The 23andMe genetic test

The 23andMe genetic ancestry test has come in the mail!

Inside the box I find very clear instructions, along with a test-tube and a funky looking spit-catching mouthpiece.

It’s pretty easy: spit (and spit, and spit, and spit until your cheeks hurt) in the tube, then seal it up and send it off to California!

And that’s it! I have to wait patiently for 2-4 weeks while 23andMe’s laboratory processes my sample. I think the waiting will be the most difficult part of this process.


March 4, 2010 at 4:03 pm Leave a comment

Embarking on a genetic adventure

Welcome to my blog!

This is my first post in what will be a chronicle of my genetic ancestry testing experience. I’ll be using the Ancestry testing service from 23andMe, which I’ll detail more in the next post. 23andMe is just one of many companies that offers genetic ancestry testing, a relatively new concept where one’s family history and geographical ancestry can be determined by DNA.

Genealogy has been around for ages and has appeared in a number of forms. Some have used genealogy to discover royal blood, to trace the history of a family surname, and to follow the lineages of a historic clan. Genealogy is still today a common pastime, especially popular in the 1970s and 1980s thanks to the book and subsequent television show Roots: The Saga of an American Family. Americans, and in particular African Americans, became more interested in the idea of tracing their families’ lineage. The rise of the internet brought yet more opportunities for genealogical research and family history discovery.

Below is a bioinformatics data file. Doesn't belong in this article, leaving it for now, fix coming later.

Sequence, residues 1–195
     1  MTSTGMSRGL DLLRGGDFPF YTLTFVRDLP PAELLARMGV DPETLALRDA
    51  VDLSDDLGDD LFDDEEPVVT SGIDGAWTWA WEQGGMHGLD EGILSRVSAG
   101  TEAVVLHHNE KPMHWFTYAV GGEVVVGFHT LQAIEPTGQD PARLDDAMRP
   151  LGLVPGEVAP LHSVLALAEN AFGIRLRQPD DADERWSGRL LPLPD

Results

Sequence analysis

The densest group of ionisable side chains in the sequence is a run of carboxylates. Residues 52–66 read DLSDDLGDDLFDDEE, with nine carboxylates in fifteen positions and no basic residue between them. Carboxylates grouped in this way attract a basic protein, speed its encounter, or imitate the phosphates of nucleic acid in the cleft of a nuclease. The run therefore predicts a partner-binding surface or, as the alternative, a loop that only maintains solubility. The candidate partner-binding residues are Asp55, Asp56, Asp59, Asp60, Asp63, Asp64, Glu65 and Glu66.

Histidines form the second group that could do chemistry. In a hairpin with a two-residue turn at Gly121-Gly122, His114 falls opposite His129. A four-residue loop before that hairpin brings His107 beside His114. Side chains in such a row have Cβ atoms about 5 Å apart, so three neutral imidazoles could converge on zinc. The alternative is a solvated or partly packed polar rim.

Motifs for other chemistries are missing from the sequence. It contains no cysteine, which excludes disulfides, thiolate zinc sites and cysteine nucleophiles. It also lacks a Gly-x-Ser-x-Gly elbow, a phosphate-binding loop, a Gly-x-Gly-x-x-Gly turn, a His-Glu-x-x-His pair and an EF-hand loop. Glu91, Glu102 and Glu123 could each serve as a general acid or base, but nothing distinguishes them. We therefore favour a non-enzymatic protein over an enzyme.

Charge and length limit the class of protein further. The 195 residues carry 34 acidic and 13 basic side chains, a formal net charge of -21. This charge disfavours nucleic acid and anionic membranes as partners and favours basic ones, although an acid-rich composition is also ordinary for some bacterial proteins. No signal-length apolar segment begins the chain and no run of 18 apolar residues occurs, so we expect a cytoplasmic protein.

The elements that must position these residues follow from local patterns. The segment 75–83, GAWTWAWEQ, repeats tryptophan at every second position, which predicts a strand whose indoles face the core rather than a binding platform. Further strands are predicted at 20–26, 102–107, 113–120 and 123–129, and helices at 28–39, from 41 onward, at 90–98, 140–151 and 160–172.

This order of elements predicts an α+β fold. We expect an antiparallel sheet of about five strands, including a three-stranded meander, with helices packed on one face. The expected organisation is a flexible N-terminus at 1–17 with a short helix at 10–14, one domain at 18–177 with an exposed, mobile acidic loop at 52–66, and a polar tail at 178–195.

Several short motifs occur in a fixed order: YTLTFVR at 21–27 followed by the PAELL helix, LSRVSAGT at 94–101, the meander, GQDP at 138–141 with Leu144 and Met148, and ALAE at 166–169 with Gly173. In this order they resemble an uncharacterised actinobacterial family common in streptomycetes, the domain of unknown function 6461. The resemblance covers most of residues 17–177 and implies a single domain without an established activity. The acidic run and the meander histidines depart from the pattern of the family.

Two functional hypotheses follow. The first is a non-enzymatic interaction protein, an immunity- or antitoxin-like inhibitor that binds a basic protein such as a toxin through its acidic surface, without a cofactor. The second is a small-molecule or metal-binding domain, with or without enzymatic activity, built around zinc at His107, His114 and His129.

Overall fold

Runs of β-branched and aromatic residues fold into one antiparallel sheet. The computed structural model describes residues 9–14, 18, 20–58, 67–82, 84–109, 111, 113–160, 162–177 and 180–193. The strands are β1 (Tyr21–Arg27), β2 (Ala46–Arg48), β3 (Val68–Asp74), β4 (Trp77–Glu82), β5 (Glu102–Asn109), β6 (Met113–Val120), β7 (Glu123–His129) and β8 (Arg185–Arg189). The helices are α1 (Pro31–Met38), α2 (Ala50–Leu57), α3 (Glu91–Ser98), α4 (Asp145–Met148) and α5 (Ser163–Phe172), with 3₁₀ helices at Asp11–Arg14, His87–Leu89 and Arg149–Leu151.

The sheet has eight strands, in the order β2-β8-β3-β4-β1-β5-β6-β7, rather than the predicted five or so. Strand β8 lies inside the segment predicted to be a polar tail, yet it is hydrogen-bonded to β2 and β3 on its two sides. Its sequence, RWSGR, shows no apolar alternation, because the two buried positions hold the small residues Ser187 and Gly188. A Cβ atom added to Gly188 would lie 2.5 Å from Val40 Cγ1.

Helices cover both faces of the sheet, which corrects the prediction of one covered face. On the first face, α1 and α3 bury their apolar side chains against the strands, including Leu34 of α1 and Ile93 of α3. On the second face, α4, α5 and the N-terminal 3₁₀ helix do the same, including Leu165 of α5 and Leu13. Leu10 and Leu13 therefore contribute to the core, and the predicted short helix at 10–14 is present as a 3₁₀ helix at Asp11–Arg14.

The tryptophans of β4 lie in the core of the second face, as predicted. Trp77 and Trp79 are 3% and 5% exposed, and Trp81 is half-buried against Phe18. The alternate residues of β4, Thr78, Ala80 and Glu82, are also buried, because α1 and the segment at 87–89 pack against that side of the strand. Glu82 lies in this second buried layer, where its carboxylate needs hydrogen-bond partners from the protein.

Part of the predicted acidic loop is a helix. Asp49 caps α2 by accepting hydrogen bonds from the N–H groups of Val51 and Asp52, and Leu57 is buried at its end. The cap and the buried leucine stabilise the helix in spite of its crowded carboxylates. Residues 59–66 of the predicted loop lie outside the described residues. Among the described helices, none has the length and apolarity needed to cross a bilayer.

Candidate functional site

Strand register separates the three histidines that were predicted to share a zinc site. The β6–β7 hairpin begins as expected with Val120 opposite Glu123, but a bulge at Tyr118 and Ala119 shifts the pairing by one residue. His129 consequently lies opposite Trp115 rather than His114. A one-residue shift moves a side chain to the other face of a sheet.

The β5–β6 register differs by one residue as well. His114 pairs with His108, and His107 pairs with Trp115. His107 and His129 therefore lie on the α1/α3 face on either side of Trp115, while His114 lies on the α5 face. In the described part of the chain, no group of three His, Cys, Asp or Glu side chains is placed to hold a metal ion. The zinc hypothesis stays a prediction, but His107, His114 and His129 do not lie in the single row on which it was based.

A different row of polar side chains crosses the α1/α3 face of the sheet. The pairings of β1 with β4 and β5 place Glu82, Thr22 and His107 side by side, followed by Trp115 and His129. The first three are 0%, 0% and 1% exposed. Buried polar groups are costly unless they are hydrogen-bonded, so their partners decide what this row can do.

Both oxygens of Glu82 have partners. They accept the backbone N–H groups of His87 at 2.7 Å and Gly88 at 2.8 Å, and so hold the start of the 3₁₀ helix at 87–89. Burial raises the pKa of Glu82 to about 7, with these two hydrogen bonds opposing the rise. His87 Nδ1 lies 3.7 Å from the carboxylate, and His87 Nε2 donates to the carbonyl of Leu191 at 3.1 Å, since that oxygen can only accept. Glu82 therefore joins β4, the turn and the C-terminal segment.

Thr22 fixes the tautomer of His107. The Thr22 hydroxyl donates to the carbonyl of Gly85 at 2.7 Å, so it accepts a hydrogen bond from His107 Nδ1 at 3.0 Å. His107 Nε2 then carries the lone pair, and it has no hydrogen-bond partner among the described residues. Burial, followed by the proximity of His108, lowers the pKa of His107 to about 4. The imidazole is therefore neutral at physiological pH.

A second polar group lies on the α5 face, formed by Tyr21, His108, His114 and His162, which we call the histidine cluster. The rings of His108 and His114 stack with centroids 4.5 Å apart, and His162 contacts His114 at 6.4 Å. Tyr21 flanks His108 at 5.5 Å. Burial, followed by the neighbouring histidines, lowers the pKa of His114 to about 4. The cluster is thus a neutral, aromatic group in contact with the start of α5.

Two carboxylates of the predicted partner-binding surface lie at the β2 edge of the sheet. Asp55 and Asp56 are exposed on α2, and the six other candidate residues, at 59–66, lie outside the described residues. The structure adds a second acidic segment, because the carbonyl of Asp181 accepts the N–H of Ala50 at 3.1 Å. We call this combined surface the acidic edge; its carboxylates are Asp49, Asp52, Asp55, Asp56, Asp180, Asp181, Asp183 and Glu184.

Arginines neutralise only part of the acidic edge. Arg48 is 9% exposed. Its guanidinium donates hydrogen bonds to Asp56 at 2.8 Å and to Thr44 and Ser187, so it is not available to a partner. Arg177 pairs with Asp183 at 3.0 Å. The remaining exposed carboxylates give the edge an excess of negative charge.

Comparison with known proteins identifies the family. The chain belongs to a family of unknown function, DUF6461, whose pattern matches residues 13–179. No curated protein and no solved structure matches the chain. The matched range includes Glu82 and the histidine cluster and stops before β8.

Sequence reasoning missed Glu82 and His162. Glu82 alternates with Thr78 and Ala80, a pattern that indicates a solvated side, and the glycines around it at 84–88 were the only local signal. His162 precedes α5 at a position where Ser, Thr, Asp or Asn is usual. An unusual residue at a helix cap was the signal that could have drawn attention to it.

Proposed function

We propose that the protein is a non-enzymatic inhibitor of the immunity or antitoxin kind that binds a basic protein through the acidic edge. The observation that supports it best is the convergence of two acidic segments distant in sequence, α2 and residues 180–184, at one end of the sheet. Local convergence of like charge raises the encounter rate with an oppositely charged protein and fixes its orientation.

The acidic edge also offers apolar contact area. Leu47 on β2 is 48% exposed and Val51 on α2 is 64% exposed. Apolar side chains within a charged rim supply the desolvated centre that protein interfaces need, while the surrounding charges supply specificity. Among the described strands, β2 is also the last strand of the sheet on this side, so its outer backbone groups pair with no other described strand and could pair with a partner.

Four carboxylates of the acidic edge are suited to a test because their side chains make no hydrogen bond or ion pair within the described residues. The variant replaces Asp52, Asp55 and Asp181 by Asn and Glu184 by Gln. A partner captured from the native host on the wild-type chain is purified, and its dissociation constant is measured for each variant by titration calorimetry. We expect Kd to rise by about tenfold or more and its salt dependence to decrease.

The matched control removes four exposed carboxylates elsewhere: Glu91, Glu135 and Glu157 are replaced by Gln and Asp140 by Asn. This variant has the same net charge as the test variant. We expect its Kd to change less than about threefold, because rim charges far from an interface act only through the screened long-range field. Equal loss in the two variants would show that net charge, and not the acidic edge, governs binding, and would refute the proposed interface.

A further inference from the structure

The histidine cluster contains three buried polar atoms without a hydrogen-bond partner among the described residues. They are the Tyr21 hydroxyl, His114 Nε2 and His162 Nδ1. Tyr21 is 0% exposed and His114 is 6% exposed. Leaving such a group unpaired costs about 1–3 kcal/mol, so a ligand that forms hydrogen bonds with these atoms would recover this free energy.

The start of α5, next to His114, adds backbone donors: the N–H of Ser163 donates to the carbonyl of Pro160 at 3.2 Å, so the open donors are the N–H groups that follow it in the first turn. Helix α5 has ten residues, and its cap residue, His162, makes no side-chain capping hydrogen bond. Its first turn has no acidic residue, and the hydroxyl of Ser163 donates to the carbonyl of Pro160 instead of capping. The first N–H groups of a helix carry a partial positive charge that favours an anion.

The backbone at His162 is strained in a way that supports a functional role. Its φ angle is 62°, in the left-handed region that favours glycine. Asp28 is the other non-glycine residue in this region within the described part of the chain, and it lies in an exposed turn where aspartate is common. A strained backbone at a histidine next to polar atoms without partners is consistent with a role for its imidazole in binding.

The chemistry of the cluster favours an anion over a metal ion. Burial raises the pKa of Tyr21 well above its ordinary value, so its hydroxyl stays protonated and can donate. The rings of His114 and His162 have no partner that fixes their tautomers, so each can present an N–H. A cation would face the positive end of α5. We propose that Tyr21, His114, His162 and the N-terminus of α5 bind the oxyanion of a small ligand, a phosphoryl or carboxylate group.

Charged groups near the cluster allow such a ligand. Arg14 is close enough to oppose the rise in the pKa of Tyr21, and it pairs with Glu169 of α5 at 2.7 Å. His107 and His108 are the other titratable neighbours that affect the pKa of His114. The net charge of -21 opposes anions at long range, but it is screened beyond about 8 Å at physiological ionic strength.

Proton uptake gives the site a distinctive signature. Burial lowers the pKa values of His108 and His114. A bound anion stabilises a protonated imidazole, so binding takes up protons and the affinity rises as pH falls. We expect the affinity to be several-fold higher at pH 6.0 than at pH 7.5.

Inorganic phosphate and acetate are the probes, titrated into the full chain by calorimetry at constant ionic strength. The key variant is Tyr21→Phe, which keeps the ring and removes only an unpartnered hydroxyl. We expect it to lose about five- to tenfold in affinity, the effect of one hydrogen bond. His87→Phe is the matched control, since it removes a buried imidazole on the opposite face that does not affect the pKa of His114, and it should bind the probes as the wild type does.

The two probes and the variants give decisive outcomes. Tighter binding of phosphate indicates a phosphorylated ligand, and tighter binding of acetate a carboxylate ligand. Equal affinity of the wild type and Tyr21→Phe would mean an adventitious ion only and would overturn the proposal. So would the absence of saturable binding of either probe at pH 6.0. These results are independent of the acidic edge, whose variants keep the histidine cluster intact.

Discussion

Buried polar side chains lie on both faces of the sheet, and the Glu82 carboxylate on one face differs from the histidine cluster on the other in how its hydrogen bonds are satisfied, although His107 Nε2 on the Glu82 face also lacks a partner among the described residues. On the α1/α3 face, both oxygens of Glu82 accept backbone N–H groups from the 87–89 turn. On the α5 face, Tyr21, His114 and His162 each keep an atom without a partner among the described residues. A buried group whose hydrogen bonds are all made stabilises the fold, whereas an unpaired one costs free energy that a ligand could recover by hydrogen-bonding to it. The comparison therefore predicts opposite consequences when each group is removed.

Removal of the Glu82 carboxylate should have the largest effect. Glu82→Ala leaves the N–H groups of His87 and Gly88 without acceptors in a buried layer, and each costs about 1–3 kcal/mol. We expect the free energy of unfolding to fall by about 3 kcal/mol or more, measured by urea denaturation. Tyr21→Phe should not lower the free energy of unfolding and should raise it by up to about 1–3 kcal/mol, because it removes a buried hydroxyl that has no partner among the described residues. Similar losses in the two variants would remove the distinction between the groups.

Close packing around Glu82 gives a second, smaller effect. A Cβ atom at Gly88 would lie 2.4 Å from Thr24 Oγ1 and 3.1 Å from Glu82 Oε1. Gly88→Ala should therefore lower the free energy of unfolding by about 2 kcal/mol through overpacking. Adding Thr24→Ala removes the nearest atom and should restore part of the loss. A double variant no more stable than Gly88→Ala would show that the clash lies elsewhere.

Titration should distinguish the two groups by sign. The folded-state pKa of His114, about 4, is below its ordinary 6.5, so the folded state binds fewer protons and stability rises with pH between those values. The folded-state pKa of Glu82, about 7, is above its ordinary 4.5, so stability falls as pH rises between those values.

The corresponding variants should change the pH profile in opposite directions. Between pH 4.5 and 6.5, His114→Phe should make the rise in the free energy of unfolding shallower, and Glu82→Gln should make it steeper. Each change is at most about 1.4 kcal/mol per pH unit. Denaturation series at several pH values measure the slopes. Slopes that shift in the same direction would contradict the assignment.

Genealogy has also developed from a hobby to a profession: one can join the American Society of Genealogists, be accredited or certified as a reputable genealogist, and be employed as an asset recovery tracer, historian, archivist, biographer, and more. But both amateur genealogists and professional genealogists alike are interested in the next wave of genealogy: genetic ancestry testing.

This will be the topic of my blog, and correspondingly, my final project for a graduate-level class taught at Duke University. I will investigate the background and use of genetic ancestry testing and the social network that has come to embrace and surround it. I will also become a subject in my own research by submitting my DNA sample to 23andMe to retrieve my own genetic ancestry  test results — the genomic information behind my family tree. I hope to meet others in the genetic ancestry test community, and maybe some long-lost relatives along the way.

Keep checking back for more posts on this exciting experience. Next up: sending in my DNA sample!

February 23, 2010 at 4:16 am Leave a comment

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Follow my classmate and fellow group member, Swathi, as she explores the ethical issues related to genetic ancestry testing!